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Asia-Pacific

Who are the Rohingyas, the "most persecuted minority in the world"?

media A Rohingya child being identified in Kuala Langsa, Indonesia on May 18, 2015. REUTERS/Roni Bintang

Malaysia and Indonesia have announced Wednesday they would no longer turn away boat people. Earlier, Myanmar, whose policies towards its ethnic Rohingya minority are blamed for fueling the human flow, also pledged to offer humanitarian aid. The Rohingya is often dubbed as the most persecuted minorities in the world. Rfi takes a look at who they are.

Who are the Rohingyas?

They are a Muslim ethnic minority group living in Myanmar's western Rhakine state.

There are about 800,000 of them in the country, while an additional million are scattered across Saudi Arabia, Bangladesh, Pakistan, Thailand and Malaysia.

According to historians, Rohingya have been living in Myanmar for seven centuries, with early evidence of Bengali Muslim settlements in Arakan dating back to 1430. They have developed a unique blend of Sufi-infused Sunni Islam.

Despite that fact, they are refused citizenship status by the state, which classifies them as "Bengali" migrants from across the border.

Why are they leaving Myanmar?

They’ve been targeted by the government for decades now.

Sophie Ansel is the author of a book called "First they erased our name", a biography of a Rohingya who fled Myanmar.

“They have no rights. Since the 1960’s, a lot of programs have been put into place to push them out of Myanmar” she explained to RFI. “But in 1982, there was a special law that made them stateless. They lost all their rights to citizenship, and their rights became tough and unbearable. They lost their rights for marriage, to move to another village… They were also arrested and killed.”

Ansel calls what the Rangoon government is doing as “ethnic cleansing”.

Why is the government targeting them?

The short answer would be that they are a Muslim minority is a country where 80 to 90% of the population is Buddhist.

Some Buddhist nationalists even believe that they are participating in what they call a Muslim invasion.

“To be honest, it’s largely driven by islamophobia and racism” explains Hanna Hindstrom, a member of Minority Rights Group International based in Rangoon, Myanmar's capital.

“These people were stripped of their citizenship in 1982 by the military government, and the government still uses the Rohingyas as a tool to fuel divde and tactitcs” she notes.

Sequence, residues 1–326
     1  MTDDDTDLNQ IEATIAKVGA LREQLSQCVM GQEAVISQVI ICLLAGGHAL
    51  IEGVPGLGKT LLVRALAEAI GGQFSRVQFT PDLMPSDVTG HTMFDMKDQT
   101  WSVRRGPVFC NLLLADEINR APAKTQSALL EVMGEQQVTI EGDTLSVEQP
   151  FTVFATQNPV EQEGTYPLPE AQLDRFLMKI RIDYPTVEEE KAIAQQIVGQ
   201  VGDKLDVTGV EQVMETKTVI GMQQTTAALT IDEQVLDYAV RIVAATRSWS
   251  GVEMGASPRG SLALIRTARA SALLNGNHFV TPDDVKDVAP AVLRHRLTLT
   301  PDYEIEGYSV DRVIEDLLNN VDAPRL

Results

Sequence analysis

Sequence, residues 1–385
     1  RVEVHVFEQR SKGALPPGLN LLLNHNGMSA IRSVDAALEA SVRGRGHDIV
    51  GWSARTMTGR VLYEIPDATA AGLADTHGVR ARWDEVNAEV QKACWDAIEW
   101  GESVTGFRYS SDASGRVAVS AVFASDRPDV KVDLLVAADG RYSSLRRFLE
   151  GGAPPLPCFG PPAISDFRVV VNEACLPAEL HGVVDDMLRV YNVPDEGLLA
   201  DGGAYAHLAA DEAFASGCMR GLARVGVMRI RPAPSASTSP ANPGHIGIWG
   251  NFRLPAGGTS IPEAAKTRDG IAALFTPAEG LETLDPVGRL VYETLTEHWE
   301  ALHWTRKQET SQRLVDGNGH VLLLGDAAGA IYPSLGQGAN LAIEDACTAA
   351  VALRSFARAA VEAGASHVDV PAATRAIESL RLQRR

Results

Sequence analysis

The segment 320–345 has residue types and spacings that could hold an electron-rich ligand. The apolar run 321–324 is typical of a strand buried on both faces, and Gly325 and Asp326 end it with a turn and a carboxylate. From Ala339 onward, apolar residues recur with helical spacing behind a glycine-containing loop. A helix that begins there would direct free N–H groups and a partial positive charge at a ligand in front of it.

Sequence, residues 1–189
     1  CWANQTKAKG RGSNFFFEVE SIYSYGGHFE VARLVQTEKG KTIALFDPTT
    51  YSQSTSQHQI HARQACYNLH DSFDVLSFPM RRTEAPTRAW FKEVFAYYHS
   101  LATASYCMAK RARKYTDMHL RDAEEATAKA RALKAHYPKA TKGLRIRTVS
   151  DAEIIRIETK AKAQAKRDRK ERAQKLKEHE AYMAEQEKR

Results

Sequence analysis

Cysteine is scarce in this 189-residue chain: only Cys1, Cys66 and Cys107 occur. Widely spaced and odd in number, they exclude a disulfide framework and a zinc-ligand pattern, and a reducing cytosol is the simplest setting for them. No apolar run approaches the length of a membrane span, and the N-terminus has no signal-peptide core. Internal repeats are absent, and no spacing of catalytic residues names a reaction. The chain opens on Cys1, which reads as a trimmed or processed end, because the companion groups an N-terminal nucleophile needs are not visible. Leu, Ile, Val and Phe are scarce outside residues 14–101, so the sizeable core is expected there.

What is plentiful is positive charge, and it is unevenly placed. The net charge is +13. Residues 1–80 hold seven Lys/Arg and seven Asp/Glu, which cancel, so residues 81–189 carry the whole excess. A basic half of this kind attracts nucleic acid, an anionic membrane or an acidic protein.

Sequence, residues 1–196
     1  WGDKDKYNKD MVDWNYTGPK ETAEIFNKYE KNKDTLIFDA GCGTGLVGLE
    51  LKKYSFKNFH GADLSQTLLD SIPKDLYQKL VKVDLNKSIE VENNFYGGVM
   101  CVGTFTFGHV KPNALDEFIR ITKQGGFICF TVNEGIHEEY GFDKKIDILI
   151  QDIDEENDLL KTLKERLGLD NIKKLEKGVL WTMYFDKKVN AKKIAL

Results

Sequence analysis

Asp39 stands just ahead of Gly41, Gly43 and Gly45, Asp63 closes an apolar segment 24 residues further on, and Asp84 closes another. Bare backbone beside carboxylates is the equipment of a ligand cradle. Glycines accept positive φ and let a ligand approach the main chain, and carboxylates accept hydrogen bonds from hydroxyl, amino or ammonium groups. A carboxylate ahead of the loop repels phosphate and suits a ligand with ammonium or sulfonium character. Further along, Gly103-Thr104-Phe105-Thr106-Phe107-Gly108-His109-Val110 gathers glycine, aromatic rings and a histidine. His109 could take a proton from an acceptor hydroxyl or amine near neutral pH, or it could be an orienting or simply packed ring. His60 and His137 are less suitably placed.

Ansel adds that the central government has been persecuting them for years due to the Rakhine province wanting more independence.

“You have to know that in Rakhine they have their own army and a strong will to be independent from the country’s central power” she explains. “Since the 1960s, the generals have been trying to make the entire country Buddhist.”

What kind of threats do they have to face?

The United Nations has called the Rohingyas one of the most persecuted minorities in the world.

According to a report by The United States Holocaust Memorial Museum, Rohingyas face segregation, hate speech, physical violence, restrictions of movement, sexual violence, voting restrictions...

The list of abuses goes on and on.

In 2012, more than 140,000 of them were put into displacement camps due to an ongoing conflict on the border with Myanmar.

Hindstrom visited the camps and describes them as “effectively open air concentration camps”.

 “I have visited the camps and they are absolutely appalling” she says. “There’s no access to health care, no sanitation… people can’t leave the camps so they can work. They basically live completely trapped, and that’s what's driving them to leave by sea.”

With the international attention given to the Rohingyas, will their situation improve?

It is true that Malaysia and Thailand have pledged to help migrants stranded at sea. Myanmar also promised some humanitarian aid.

But Hindstrom points out these are just short term solutions.

“The solution here lies with Myanmar” she says. “The government needs to recognize Rohingyas as an ethnic group, to stop denying their rights to identity. They need to guarantee citizenship and other basic rights to this very vulnerable minority.”

“If they don’t,” concludes Hindstrom, “they’ll have two choices, either to stay and suffer persecution or risk death at sea."

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